We help all children learn healthy ways of relating when we create environments that reflect real life. In contrast, we re doing the child with disability as well as the typically developing peer a disservice if we aren't looking for opportunities to facilitate their interaction. And as Christians, I would add that the church is naturally set up to adopt an inclusion mindset, because we follow Jesus and know He modeled love and value for all children.
Amy Fenton Lee (Leading a Special Needs Ministry)
While grief is a natural part of any special needs parent's journey, it may be processed somewhat differently for the family affected by a diagnosis with a wide range of outcomes, such as autism. Every child with or without a disability is unique. And no special-needs diagnosis affects any two children the same way.
Amy Fenton Lee (Leading a Special Needs Ministry)
The addict’s reliance on the drug to reawaken her dulled feelings is no adolescent caprice. The dullness is itself a consequence of an emotional malfunction not of her making: the internal shutdown of vulnerability. From the Latin word vulnerare, “to wound,” vulnerability is our susceptibility to be wounded. This fragility is part of our nature and cannot be escaped. The best the brain can do is to shut down conscious awareness of it when pain becomes so vast or unbearable that it threatens to overwhelm our capacity to function. The automatic repression of painful emotion is a helpless child’s prime defence mechanism and can enable the child to endure trauma that would otherwise be catastrophic. The unfortunate consequence is a wholesale dulling of emotional awareness. “Everybody knows there is no fineness or accuracy of suppression,” wrote the American novelist Saul Bellow in The Adventures of Augie March; “if you hold down one thing you hold down the adjoining.” Intuitively, we all know that it’s better to feel than not to feel. Beyond their energizing subjective charge, emotions have crucial survival value. They orient us, interpret the world for us and offer us vital information. They tell us what is dangerous and what is benign, what threatens our existence and what will nurture our growth. Imagine how disabled we would be if we could not see or hear or taste or sense heat or cold or physical pain. Emotional shutdown is similar. Our emotions are an indispensable part of our sensory apparatus and an essential part of who we are. They make life worthwhile, exciting, challenging, beautiful and meaningful. When we flee our vulnerability, we lose our full capacity for feeling emotion. We may even become emotional amnesiacs, not remembering ever having felt truly elated or truly sad. A nagging void opens, and we experience it as alienation, as profound ennui, as the sense of deficient emptiness described above. The wondrous power of a drug is to offer the addict protection from pain while at the same time enabling her to engage the world with excitement and meaning. “It’s not that my senses are dulled — no, they open, expanded,” explained a young woman whose substances of choice are cocaine and marijuana. “But the anxiety is removed, and the nagging guilt and — yeah!” The drug restores to the addict the childhood vivacity she suppressed long ago.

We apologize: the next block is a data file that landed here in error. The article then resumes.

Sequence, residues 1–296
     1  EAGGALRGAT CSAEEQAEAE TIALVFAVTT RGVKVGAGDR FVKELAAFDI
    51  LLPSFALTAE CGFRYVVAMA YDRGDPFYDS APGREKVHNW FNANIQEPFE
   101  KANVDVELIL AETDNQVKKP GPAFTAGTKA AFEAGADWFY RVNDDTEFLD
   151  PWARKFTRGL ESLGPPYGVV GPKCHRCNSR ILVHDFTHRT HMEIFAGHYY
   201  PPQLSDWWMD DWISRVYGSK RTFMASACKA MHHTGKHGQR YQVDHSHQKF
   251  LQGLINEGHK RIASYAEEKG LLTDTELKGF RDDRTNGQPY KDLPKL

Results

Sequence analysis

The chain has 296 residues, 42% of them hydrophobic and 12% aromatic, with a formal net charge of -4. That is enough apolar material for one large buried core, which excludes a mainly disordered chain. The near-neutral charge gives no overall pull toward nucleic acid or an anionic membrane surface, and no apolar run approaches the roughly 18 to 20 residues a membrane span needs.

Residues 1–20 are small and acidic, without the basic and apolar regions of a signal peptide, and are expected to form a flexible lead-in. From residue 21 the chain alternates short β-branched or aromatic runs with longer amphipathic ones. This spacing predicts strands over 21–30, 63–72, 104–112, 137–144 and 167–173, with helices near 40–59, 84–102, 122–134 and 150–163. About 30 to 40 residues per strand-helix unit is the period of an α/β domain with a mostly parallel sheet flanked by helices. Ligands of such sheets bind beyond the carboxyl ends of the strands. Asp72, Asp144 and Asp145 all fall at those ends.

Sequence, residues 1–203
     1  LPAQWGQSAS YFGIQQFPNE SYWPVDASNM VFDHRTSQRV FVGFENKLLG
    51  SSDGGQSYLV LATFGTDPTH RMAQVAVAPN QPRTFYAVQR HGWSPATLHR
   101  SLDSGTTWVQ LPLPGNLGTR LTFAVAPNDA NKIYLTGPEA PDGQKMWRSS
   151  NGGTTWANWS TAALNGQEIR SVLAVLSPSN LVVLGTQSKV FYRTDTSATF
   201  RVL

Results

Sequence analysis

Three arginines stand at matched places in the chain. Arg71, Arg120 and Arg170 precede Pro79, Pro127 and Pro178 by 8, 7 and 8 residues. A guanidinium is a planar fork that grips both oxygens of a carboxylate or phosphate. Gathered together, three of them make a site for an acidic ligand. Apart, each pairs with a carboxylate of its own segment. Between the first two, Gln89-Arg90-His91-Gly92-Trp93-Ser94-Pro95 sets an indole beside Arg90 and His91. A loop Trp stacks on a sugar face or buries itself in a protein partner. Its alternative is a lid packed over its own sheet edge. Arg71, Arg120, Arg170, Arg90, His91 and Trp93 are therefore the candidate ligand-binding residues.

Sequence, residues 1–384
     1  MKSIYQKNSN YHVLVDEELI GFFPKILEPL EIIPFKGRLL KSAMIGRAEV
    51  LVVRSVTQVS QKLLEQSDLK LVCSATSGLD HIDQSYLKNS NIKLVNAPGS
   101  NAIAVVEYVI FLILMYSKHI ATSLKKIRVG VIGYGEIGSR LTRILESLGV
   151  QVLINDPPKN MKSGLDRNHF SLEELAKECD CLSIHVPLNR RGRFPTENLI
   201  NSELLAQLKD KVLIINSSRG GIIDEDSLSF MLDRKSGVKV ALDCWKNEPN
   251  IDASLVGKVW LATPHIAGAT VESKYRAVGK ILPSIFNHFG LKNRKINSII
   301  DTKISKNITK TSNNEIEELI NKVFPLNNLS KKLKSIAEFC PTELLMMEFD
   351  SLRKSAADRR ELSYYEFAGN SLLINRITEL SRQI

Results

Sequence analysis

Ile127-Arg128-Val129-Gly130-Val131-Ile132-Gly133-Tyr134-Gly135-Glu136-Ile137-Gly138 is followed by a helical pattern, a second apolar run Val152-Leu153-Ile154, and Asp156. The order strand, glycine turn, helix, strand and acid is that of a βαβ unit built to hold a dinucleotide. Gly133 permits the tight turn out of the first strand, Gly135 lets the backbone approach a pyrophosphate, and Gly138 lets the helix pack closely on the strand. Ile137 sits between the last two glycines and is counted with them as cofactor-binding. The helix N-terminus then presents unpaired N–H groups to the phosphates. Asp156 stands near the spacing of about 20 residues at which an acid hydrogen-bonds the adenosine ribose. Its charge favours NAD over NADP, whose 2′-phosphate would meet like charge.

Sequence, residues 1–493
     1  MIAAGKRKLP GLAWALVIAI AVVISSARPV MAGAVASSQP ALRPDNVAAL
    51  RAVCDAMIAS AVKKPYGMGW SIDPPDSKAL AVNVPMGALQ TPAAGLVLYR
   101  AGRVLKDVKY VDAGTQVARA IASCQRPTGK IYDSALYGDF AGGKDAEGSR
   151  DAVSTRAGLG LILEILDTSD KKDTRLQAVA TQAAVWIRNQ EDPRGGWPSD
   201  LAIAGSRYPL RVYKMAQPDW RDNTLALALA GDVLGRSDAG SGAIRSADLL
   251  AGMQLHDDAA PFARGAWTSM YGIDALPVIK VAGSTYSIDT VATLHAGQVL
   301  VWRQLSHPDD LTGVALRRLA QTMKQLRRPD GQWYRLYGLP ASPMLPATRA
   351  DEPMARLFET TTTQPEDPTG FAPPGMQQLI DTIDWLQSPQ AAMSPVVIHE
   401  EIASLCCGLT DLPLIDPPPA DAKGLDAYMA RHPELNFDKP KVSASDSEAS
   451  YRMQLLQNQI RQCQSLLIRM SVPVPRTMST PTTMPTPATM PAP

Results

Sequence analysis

Gabor Maté (In the Realm of Hungry Ghosts: Close Encounters with Addiction)